Here's how it'll play out (if you're new to WBW, you're advised to check this out before proceeding):

lateness, behavior, science

Making plans on time.

psychology, procrastination, patient

Maybe some procrastination.

avoidance, mental health, mistakes

Avoiding the issues.

delay, loafing, trifling

Arguing over avoiding the issues.

toying, delaying, loitering

Some dawdling.

dabbling, frittering, dilly-dallying

Some more dawdling.

frizzling, puttering, excuses

And some lingering.

last-minute, slow, delayed

And some more lingering.

belated, tardy, jammed

Is this dragging my feet?

lagging, dilatory, unpunctual

This is dragging my feet.

held up, in a bind, missed the boat

This is becoming a problem.

tired, worn, strained

This is feeling uncomfortable.

thin, peaked, pinched

This IS uncomfortable.

fraught, haggard, worn

This IS a problem.

dependable, accurate, conscientious

But I’m cool.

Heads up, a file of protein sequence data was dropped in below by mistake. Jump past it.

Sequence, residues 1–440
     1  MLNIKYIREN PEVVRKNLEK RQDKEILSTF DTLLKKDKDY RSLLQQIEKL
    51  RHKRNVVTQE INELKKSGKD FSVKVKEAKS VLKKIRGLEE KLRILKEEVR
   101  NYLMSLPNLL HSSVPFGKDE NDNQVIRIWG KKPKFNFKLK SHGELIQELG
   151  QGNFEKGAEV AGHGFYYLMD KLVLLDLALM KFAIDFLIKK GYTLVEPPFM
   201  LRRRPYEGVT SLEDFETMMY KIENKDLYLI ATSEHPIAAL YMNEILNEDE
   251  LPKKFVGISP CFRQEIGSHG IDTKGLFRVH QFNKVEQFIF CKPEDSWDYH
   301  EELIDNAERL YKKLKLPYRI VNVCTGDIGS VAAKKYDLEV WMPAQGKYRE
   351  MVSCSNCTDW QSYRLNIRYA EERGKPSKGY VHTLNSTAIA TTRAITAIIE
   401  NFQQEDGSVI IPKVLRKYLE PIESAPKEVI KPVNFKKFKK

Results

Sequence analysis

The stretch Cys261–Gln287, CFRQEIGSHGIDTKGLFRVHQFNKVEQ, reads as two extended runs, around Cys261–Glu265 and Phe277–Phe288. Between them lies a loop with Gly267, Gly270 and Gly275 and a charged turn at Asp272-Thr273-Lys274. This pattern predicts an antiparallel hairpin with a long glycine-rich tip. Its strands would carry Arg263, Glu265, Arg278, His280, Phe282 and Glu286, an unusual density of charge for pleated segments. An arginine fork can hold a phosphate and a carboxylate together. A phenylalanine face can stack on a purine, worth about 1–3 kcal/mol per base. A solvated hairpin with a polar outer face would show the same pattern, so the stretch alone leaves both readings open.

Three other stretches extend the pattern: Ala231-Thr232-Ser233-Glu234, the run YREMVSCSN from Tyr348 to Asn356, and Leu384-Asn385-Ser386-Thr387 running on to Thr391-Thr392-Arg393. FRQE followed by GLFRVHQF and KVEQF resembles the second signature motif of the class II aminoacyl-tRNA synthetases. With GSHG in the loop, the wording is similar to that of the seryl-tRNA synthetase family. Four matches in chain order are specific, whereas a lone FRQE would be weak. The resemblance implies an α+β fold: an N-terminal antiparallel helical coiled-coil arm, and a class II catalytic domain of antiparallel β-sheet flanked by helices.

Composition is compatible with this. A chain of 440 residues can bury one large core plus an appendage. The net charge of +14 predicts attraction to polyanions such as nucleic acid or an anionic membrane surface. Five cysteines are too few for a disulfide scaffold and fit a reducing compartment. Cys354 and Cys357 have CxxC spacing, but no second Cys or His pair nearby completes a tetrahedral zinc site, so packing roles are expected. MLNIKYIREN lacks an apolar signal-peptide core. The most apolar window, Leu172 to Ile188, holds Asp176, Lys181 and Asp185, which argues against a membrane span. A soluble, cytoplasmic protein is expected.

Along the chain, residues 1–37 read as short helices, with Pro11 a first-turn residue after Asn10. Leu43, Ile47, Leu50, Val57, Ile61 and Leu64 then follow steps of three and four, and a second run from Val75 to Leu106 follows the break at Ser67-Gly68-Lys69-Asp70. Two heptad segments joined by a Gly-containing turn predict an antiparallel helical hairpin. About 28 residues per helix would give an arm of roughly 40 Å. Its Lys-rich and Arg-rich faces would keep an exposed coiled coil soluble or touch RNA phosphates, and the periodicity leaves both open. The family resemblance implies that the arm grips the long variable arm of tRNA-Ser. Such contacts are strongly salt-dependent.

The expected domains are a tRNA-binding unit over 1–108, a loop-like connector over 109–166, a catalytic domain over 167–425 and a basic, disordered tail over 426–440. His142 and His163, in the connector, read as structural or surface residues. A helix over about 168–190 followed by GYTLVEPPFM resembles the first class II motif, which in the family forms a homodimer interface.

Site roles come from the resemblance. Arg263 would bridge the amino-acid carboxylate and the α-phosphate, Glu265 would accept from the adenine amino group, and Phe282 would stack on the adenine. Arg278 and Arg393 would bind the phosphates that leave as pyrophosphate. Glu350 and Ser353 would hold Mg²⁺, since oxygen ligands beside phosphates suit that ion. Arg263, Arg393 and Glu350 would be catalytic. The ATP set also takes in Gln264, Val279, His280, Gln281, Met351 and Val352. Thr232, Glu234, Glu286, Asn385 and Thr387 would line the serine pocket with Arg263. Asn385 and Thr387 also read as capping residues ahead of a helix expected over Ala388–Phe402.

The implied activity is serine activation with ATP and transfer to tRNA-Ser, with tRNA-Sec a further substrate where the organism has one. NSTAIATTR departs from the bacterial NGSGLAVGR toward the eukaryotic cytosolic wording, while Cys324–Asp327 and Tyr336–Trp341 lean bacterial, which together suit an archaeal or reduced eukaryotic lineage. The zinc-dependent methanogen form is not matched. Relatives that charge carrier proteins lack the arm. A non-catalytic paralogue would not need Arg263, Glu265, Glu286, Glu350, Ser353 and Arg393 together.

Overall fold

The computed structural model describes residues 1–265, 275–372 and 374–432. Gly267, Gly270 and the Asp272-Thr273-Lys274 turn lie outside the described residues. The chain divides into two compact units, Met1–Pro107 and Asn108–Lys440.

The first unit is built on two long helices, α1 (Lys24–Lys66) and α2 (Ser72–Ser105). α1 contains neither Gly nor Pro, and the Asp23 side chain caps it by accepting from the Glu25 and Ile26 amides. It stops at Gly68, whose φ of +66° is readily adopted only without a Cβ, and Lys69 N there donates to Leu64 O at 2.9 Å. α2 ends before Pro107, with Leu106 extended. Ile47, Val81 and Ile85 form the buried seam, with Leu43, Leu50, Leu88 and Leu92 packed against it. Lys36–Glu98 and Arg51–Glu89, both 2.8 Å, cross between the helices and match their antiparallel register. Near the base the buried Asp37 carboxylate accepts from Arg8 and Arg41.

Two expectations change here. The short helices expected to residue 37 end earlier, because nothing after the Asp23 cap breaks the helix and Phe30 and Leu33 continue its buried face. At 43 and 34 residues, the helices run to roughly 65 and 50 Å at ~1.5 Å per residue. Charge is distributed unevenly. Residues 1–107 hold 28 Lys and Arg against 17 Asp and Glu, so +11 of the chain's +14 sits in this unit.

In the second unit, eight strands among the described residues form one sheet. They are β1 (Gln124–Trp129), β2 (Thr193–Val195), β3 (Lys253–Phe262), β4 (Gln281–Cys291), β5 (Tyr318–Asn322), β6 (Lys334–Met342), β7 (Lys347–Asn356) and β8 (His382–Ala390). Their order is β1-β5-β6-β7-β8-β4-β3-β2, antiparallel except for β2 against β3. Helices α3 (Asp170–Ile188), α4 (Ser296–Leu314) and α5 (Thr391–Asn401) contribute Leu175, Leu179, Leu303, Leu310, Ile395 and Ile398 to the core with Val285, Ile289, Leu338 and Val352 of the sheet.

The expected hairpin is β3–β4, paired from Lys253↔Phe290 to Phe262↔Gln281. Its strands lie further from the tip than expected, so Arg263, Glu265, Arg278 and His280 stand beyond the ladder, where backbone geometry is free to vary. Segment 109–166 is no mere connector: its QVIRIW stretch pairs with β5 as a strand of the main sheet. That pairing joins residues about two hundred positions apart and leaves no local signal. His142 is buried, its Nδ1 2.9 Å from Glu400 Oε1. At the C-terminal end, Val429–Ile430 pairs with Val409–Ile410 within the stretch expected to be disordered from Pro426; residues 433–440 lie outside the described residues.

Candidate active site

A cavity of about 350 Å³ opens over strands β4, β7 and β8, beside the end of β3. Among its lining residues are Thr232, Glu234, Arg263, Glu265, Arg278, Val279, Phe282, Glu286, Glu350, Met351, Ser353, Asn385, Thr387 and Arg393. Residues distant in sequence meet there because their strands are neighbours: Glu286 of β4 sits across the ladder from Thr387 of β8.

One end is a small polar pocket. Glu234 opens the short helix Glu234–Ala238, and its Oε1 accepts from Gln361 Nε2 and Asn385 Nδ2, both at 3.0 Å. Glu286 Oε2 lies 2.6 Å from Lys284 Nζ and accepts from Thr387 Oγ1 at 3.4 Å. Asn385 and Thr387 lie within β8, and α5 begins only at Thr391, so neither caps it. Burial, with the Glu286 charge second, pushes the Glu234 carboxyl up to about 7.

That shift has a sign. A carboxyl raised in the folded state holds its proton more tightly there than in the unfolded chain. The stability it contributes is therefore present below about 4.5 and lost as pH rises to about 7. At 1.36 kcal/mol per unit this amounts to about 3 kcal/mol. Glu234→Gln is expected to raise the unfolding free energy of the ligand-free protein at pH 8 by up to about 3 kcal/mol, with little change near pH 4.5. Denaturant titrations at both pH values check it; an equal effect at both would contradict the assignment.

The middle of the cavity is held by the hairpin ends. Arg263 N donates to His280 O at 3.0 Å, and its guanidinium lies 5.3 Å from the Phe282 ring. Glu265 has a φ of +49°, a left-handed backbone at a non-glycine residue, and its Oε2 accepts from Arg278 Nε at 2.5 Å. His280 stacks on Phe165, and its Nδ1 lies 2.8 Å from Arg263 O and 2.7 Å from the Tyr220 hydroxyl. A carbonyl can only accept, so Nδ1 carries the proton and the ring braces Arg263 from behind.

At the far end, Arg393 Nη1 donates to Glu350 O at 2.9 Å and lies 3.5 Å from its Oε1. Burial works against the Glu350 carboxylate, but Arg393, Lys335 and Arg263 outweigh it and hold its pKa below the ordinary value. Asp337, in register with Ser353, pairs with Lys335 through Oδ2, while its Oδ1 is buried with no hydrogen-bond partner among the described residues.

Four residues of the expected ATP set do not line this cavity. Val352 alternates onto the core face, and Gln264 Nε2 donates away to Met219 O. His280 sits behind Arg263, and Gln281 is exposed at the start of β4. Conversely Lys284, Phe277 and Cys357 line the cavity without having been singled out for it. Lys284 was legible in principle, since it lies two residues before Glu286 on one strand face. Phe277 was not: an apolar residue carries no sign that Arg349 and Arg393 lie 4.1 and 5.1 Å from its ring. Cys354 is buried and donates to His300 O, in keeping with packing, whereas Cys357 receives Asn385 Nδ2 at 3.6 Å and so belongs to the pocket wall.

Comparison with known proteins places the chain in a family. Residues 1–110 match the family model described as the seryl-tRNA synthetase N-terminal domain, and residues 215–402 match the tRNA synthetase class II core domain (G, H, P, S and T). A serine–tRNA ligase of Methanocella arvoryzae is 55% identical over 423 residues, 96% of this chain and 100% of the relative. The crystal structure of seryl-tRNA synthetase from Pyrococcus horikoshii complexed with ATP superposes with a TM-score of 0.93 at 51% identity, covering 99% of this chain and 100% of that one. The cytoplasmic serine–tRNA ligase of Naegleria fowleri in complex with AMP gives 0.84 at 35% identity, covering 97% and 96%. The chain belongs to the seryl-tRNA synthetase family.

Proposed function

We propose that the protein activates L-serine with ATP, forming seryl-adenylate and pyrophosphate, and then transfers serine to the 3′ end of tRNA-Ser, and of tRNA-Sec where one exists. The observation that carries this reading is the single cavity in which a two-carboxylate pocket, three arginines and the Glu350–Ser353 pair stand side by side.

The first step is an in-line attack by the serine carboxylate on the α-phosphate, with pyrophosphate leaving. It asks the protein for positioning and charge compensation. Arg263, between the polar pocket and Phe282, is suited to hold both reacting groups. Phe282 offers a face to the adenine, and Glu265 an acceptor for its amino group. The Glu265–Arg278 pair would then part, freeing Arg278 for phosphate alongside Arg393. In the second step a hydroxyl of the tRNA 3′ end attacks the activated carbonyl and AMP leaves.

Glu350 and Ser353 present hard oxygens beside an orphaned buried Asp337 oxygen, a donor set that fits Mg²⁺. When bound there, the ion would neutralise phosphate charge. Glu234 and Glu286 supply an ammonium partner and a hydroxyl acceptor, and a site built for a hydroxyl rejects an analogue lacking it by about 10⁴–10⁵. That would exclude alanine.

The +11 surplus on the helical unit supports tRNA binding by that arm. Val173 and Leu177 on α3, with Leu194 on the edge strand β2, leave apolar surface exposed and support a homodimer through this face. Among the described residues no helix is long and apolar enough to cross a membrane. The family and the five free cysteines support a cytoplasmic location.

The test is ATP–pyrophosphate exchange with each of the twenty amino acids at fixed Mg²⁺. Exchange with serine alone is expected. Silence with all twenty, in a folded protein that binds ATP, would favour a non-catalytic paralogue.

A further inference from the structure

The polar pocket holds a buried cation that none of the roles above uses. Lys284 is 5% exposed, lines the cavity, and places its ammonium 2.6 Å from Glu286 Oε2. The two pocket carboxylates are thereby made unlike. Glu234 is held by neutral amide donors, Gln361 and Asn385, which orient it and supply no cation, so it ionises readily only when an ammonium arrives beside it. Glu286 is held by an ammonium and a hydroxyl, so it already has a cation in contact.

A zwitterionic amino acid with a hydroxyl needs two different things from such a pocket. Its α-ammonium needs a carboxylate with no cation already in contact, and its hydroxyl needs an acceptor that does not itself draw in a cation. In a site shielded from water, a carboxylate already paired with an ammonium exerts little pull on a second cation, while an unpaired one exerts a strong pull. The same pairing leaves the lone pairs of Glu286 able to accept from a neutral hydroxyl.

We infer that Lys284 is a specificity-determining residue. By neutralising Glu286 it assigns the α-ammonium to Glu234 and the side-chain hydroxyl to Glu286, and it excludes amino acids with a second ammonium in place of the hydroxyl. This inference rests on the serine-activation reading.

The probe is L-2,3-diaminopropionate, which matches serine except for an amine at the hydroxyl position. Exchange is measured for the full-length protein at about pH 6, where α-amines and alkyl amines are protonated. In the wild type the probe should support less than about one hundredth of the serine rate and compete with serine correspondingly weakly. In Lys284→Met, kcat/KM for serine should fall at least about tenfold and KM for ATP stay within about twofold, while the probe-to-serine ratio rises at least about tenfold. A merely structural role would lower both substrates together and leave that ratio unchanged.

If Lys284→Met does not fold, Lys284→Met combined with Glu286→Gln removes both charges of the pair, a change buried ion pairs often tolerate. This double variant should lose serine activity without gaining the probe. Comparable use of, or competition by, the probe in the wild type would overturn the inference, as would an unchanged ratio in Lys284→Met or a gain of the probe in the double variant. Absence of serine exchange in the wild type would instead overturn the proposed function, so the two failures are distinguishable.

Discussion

periodic, timely, ready

So cool.

quick, reliable, heedful, meticulous

Ice cold like a fighter pilot.

minutes, seconds, careful

I’m a chillin’.

lag, postpone, setback

Now worries my way.

stoppage, filibuster, hindrance

Not thinking about it.

bind, lingering, tarrying

Positive thoughts.

stoppage, difficulty, gridlock

Positive action... well now.

obstinate, customs, method

It will all workout.

madness, mental health, regulations

Maybe I’m gonna be late.

anxiety, despair, dismay

I’m gonna be late.

aversion, disquiet, distress

Oopsie.

fearless, logjam, impasse

And that’s the traffic.

furious, frantic, rash, audacious

It’s the traffics fault.

careless, foolhardy, hopp

This map is broken.

denial, circumstances, schedule, madcap, impetu

Perfect timing on being late. Nailed it.